By Alva Solomon
The Guyana Civil Aviation Authority (GCAA) has been monitoring recent aircraft incidents—although the agency remains without the services of a flight operations inspector, which is a key post within the aviation sector.
On Wednesday, a light Cessna aircraft operated by local airline Air Services Limited (ASL) sustained minor structural damage shortly after landing at the Kaow Island airstrip in the Essequibo River. Only the pilot was on board and he escaped with minor injuries. The aircraft remained on the ground at Kaow Island yesterday and was expected to undergo repairs as the GCAA investigates the incident.
The incident came a week after another incident at the Eteringbang airstrip, in Region 7, in which a Cessna Caravan aircraft operated by ASL skidded off the runway at the border community shortly after landing. The aircraft was summoned to the area by the company to transport parts for another in its fleet, which had sustained minor damage to one of its propellers earlier that day. The latter’s propeller came into contact with an engine, which was left by a miner near the runway.’,’
Within the past two years, there have been several similar incidents, some of which go unreported aviation sources noted yesterday.
On January 17 this year, a light Cessna aircraft crash landed at the Baramita airstrip in the North West District (NWD). The Oxford Aviation aircraft, a six-seater Cessna 206 bearing the registration 8R-GRT, crashed on landing at the interior aerodrome, sometime after 9:30 am that day. The pilot was the only person on board and he escaped with only minor injuries.
In mid-March this year, a light single-engine Maule aircraft operated by a Seventh Day Adventist mission in Guyana crashed during the afternoon hours on May 17 at the Paruima airstrip in Region 7. No one sustained major injuries in that incident.
Last August, pilot Ayube Mazarally along with five passengers escaped with minor injuries when another aircraft operated by Oxford Aviation, crashed while departing the Ekereku Top aerodrome in Region 7. The aircraft, a Cessna 206, sustained major damage.
Director General of the GCAA Zulficar Mohammed told this newspaper yesterday that the aviation body is mandated to investigate such incidents. He said that if it is determined that pilot error plays a part during the investigations, the pilot is notified and is required to undergo remedial work before being given the go-head to fly. He said that on most occasions, the pilot’s licence is suspended for a month. The company with which the pilot is employed is mandated by law to lodge a report on the incident with the GCAA.
Of importance, Mohammed noted, is that the aircraft manufacturer is also notified of the incident and plays a major part of the investigation. Mohammed said that information, which may be in the form of pictures taken of the site and records of the aircraft movement as well as physical aircraft parts which may have been damaged during the incident, are sent to the manufacturer for examination. The entire process, he noted, is costly and rigorous, and he added that the time period within which the investigations are concluded depends on the nature of the incident. “It will most likely depend on the type of incident and how long the manufacturer will take to do their part of the investigation,” he explained.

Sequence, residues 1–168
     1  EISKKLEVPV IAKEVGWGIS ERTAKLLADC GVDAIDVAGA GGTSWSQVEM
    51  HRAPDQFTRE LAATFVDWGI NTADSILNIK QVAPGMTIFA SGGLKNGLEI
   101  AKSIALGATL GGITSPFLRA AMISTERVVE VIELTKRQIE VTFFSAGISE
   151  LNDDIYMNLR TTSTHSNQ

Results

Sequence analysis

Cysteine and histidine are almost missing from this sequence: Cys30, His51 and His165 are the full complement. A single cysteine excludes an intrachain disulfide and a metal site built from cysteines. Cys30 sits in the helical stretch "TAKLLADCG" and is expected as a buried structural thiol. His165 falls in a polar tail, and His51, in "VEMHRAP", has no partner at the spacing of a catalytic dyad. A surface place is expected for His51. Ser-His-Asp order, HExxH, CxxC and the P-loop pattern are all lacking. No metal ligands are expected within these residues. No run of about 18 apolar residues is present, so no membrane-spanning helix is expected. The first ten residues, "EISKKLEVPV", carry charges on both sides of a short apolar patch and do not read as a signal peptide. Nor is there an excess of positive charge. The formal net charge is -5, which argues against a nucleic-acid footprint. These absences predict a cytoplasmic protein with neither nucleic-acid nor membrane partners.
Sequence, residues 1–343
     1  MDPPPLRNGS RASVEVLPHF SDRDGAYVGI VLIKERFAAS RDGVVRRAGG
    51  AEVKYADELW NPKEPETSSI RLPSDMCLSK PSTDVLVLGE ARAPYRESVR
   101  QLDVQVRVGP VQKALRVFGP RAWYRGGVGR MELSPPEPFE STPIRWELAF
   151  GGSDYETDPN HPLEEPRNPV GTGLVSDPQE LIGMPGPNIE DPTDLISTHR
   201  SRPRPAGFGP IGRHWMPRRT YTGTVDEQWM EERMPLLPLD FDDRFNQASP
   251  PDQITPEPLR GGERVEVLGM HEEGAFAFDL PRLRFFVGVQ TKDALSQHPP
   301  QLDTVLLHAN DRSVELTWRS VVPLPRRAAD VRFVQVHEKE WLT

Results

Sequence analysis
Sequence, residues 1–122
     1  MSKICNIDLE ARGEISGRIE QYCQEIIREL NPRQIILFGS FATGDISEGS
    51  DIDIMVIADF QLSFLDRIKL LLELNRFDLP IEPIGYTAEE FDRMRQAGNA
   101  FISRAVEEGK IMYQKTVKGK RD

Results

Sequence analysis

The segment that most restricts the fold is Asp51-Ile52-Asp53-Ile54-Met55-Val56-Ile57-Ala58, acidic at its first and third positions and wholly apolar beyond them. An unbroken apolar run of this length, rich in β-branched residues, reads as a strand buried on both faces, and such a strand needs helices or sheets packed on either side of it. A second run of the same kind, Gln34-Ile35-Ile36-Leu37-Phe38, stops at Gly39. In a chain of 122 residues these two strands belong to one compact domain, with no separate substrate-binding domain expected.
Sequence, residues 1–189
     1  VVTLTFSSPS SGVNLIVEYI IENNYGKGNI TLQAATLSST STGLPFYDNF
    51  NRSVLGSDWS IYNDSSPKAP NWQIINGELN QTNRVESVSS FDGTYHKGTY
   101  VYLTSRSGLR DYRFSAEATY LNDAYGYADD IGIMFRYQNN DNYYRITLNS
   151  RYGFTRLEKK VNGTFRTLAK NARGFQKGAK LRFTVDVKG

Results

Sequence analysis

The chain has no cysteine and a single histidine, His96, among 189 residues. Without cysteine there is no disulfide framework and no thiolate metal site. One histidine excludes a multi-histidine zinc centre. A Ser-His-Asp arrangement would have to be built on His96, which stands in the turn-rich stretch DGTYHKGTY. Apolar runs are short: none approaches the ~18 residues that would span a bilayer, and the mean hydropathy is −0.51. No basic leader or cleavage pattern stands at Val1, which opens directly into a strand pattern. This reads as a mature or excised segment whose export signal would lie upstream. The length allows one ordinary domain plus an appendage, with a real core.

Meanwhile, the GCAA has been without the services of a flight operations inspector for several years. It is a critical human resource post, whose holder is mandated to keep abreast of the operations of all aircraft operators. Several years ago, a number of domestic airlines expressed dissatisfaction with the individual who was holding the post. He subsequently resigned from the position, citing differences with the semi-autonomous agency.
Flight operations officers are responsible for manning and maintaining complete and accurate records of company aircraft movements and of any significant occurrences affecting the company’s operations. Among the functions of the personnel are to keep complete and accurate records of aircraft movements and of any occurrences which may affect operations, maintain and amend all legally required aviation documentation as well as to liaise with airlines, aircraft leasing companies and brokers to obtain aircraft for charter purposes. He is required to ensure that the pilots’ proficiency examinations and maintain their required flight ratings.
Mohammed noted yesterday that the position remains vacant even though it is being advertised locally and regionally. He said that many aviation territories regionally and internationally have had difficulty in sourcing personnel to fill the specific position.
At the moment, the GCAA hires flight inspectors from the Caribbean through the umbrella body Caribbean Aviation Safety and Security Oversight System to carry out work fitting the job description here and Mohammed noted that this can be costly.
At the same time, he said that in the absence of a permanent flight inspector, “we look at all the local operators to ensue that they maintain the required levels of safety are maintained.” He noted that inspections are undertaken by aviation specialists regularly within the GCAA. He noted too that the local companies have systems in place to address safety issues.
The GCAA has in its employ a safety officer or what Mohammed termed quality control officer, who consults with the local operators on their aircraft operations.